“Living Wine” Film makes Bugs (in the wine) a Feature

By / Wine + Drinks / July 13th, 2022 / Like

If you know anything about wine, you will agree with about 80% of the movie Living Wine, but the other 20% is infuriating. If you are in the wine industry, you may want to take a Valium before clicking “Play.”

In the first 30 seconds, Sonoma County winemaker Darek Trowbridge, says, “Typically wine is a manufacturing machine-driven product that needs adjuncts to make it work in a timely manner.” True — if “typically”, for you, wine costs $12 a bottle. (Most of his cost $35.)

Three minutes into the film, Santa Cruz Mountains winemaker Megan Bell says, “A big difference between natural winemakers and conventional winemakers is that we want this land-to-the-bottle experience. I don’t want to be one of those more conventional winemakers, it’s like, ‘I know everything about winemaking but I’ve never set foot in one of the vineyards I work with’.”

I interview winemakers all the time. While winemakers like this may exist, I haven’t met one yet. The “land to the bottle experience,” also known as “terroir,” is something that almost every winery in the world that makes wines over $20 talks about.

 Darek Trowbridge | Photo Credit: supplied

I interviewed director/producer Lori Miller about the film. I liked her; she’s earnest. She said, “When I started researching the subject, I was unaware of the existence of natural wine. I’m kind of a wine lover. I didn’t realize that there was a difference between conventional wine and natural wine.”

Director Lori Miller | Photo Credit: Maxine Eschger

Miller’s brother lives in Sonoma County and had a small vineyard; the company that tended it sprayed Roundup on it every two weeks, which of course he didn’t like. He met Trowbridge who convinced him to convert the vineyard to regenerative organic. It’s a good story.

The problem is, Trowbridge talks about every winery in California — all 4,000+ — like they’re making Roundup-laden wines by the stadium-load. Some do, sure: spend under $20 and that’s probably what you get. But Miller didn’t ask anyone from the wine industry for balance: at $35 and up, you expect wines of terroir, and usually you get them.

Miller sought out Gideon Beinstock, the charismatic proprietor of Clos Saron in the Sierra Foothills, because she had read an interview with him in the New Yorker. This worked out as Beinstock is easily the star of the film; you’ll want to buy one of his wines (his Pinots Noir are $65) after watching it.

Gideon Beinstock | Photo Credit: supplied

Trowbridge introduced her to Bell, who makes provocative statements about the way she was treated as a young woman in the industry before going out on her own. I don’t doubt Bell when she says female enology graduates are pushed to work in the lab instead of on the winemaking floor.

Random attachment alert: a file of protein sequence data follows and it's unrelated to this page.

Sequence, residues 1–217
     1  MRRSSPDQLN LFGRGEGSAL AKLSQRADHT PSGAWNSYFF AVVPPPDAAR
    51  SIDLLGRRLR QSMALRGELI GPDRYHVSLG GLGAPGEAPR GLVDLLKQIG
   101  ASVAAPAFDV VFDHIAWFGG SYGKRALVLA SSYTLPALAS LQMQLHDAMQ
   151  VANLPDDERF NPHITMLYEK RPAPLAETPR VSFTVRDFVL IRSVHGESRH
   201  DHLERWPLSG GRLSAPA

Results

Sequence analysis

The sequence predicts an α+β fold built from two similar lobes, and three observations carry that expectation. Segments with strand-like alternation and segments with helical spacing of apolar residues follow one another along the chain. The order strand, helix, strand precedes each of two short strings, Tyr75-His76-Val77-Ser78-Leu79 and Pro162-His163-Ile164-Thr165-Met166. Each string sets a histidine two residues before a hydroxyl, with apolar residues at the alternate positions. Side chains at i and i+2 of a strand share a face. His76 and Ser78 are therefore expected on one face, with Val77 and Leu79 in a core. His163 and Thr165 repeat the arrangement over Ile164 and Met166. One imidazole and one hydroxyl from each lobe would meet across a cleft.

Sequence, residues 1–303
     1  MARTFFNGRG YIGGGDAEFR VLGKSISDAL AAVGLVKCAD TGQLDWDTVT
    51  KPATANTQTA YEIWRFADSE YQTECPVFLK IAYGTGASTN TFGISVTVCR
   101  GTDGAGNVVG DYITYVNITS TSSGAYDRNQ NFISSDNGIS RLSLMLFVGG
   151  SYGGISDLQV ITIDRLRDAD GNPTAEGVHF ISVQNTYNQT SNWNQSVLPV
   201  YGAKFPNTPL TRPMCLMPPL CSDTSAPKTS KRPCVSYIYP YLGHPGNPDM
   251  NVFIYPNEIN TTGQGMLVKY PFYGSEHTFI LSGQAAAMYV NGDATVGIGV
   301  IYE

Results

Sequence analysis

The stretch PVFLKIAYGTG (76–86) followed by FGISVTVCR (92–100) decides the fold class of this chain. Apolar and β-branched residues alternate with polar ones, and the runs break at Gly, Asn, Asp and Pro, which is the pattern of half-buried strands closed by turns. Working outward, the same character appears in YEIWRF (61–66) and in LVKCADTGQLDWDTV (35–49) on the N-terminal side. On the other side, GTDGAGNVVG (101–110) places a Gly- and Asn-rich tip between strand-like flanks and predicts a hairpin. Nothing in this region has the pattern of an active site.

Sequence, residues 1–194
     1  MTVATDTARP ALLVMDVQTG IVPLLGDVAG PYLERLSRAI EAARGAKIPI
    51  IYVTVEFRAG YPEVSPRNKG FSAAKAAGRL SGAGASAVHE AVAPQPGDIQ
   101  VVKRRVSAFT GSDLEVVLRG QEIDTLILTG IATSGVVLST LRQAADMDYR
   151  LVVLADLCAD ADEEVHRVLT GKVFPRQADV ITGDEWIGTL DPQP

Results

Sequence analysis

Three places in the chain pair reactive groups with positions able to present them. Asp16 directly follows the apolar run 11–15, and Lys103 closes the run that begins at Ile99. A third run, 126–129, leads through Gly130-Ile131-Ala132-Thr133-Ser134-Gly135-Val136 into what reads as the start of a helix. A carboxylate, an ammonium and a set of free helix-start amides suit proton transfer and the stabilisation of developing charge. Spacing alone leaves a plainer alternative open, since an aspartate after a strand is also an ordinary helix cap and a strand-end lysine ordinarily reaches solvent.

“I wasn’t trying to do a gotcha movie,” Miller told me. “I was trying to do a human interest story. I felt staying in my lane and showing a group of people going through harvest and making their wine would be the story I wanted to tell. I didn’t mean to omit that there are a lot of great winemakers today.”

I get that, and apparently like Trowbridge’s wines, I’m supposed to judge the process and not the results. Well, OK.

Trowbridge’s process includes:
* Sending workers out into thick smoke to pick Petite Sirah before it’s ready, because he says “smoke taint is a worse problem than green grapes.” That’s true, but what about worker safety?
* Throwing bunches with hard, green unripened berries right into the bins, and trying to pick out a few of them later.
* A worker who is foot-treading Trowbridge’s wine exclaims, “We have a lot of bugs in here.”

Generally speaking, good wineries try to avoid hard green berries and bugs, not to mention smoke. There’s a reason a lot of good Sonoma County wineries, unlike Trowbridge, didn’t release their 2020s.

Miller could have used some kind of flowchart, because she conflates a lot of important issues — organic viticulture, drought, fires, corporate winemaking, sexism — thus essentially accusing 99% of the California wine industry of being on the wrong side of all of them.

There’s a title card at the end of the film claiming that less than 1% of wine made in California is “all-natural.” But she never defines the term. There isn’t much talk about native yeast. The one winemaker in the film who talks about sulfites, Beinstock, does a fair job, but it’s a very short segment. In fact, Miller told me that all the winemakers she shows use sulfites. I’m not at all anti-sulfite, but it made me ask, what do you consider “all-natural”?

“California has a lot less natural wine than in Europe,” Miller told me. “You have these huge corporations in California that dominate the market. The way I define natural is, the way the grapes are farmed, and the way the wine is made. The grapes have to be farmed organically, whether or not they’re certified. The wine has to be made with almost no intervention or no intervention in the winemaking process. Each of the winemakers I spoke to, it’s really first and foremost how they farm their vineyard.”

Megan Bell | Photo Credit: supplied